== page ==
Iraq lift the Arabian Gulf Cup with victory over Oman

At least two people died and more than 60 were injured after a crush at Iraq’s Basra International Stadium hours before the Gulf Cup final in which Iraq were crowned champions.

The match went ahead despite Iraq’s state news agency confirming one person had died and 60 were injured, while provincial health authorities said a young female doctor had also died.

The Arab Gulf Football Federation announced the match would go ahead as scheduled, and Iraq claimed the trophy after a close encounter.

Iraq opened the scoring through midfielder Ibrahim Bayesh after 24 minutes. Ten minutes into added time Omani midfielder Salaah Al Yahyaei levelled from a penalty, sending the match into extra time. Midfielder Amjad Attwan put Iraq ahead after 116 minutes with another penalty, but three minutes later Omani striker Omar Al Malki levelled again with a header. Iraqi defender Manaf Younis scored the winning goal two minutes into added time.

Thousands of fans had walked to the 65,000-capacity stadium on Thursday morning before the match, with many prevented from entering. A video posted on social media, apparently from the scene, showed fans crying for help as others were pushed along by the moving crowd.

Authorities later opened the gates of the stadium to relieve the pressure, allowing ticket holders to enter. Later they closed all gates but one, which was kept open for Omani fans.

They also opened nearby Al Minaa Stadium, which has a 30,000-seat capacity, for fans to watch the game on screens. Calm soon returned to the area.

“After consultations with concerned parties in sultanate of Oman and to ensure the safety of the Omani citizens, and as a support to the brothers in the Republic of Iraq to make the final match a success, it has been decided to bring back fans who are still at Basra International Airport,” the Oman Football Federation said earlier. It urged Omani fans still outside the stadium not to enter, but later it allowed fans to head to the stadium after securing their seats.

Meanwhile, Oman Air cancelled at least one flight to Basra.

The deadly incident came hours after the Governor of Basra, Asaad Al Eidani, called on fans not to gather outside the stadium, especially those without tickets. “This could lead to a stampede and [the] perfect image of our country, hosting this event, could be tarnished only a few hours before the final ceremony,” Mr Al Eidani said late on Wednesday. “We call upon you to abide to security forces guidelines to ensure the safety of the citizens,” he said, adding that dozens of big screens had been set up around the city for those without tickets.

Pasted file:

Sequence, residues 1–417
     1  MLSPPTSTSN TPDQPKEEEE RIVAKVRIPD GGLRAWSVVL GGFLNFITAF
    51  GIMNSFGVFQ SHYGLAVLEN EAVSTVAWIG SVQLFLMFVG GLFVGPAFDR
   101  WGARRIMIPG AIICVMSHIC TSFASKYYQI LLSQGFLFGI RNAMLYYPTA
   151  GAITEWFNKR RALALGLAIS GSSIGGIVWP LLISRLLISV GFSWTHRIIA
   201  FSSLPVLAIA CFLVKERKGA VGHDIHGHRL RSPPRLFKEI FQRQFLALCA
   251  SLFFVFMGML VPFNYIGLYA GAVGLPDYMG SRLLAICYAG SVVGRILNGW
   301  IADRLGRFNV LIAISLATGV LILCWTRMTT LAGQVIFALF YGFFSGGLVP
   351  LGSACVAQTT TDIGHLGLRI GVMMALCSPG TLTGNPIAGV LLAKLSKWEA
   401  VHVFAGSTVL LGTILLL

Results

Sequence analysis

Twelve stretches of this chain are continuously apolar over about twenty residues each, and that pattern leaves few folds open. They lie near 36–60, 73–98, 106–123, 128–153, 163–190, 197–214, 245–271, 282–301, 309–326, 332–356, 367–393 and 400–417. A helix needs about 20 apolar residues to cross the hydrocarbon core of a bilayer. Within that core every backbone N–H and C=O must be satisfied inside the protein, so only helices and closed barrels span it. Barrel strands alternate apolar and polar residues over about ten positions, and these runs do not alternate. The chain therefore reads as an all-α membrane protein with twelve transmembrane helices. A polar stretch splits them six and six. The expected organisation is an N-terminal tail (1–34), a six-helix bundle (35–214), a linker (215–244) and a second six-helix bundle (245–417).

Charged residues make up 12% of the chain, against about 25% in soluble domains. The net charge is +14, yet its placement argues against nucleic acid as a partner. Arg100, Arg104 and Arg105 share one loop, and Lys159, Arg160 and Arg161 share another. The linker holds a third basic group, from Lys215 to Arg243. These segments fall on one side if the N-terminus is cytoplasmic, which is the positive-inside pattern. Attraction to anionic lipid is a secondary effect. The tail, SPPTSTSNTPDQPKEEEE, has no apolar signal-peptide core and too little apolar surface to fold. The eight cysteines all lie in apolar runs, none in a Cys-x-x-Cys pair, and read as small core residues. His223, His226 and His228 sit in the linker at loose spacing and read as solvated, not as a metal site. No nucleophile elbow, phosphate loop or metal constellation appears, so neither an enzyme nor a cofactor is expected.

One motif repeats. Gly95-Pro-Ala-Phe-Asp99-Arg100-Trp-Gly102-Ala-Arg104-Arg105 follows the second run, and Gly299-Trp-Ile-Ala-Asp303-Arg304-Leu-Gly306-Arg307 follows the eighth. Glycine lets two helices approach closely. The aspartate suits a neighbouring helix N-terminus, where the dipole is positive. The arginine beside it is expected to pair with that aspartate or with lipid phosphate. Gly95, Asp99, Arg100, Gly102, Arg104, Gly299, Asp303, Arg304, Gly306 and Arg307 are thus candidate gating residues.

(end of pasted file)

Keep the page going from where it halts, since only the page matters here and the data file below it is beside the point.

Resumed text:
Mr Al Eidani warned fans that the Arab Gulf Cup Football Federation may be forced to move the match to another venue outside Iraq if measures were not taken to stop such incidents, prompting many of them to withdraw.

At the end of the match, Iraqi players hugged each other as they cried. The fans shouted: “Long live Iraq” and “Oh Iraq, we are ready to sacrifice ourselves for you.”

Outside the stadium and in Baghdad, fireworks lit up the sky while some shot into the air live ammunition despite warning from Iraqi Interior Ministry. Thousands of fans poured onto the streets after the match, waiving Iraqi flag and dancing. Cars were honking in rhythmic succession as fans cheered: “Go, go the Lions of Mesopotamia.”

“That’s not only a precious triumph, but a precious joy that we need so much and waited for a long time,” Abbas Mohammed said, driving his car in a Baghdad street while hoisting the Iraqi flag. “It’s a bittersweet achievement,” said Ali Yassir, standing nearby. “Unfortunately, the day started with a tragedy that made all of us sad. That trophy is for those who lost their lives or were wounded while trying to attend the match.

Mr Al Sudani congratulated the Iraq team. He also thanked those who were behind making the tournament a success.


The National

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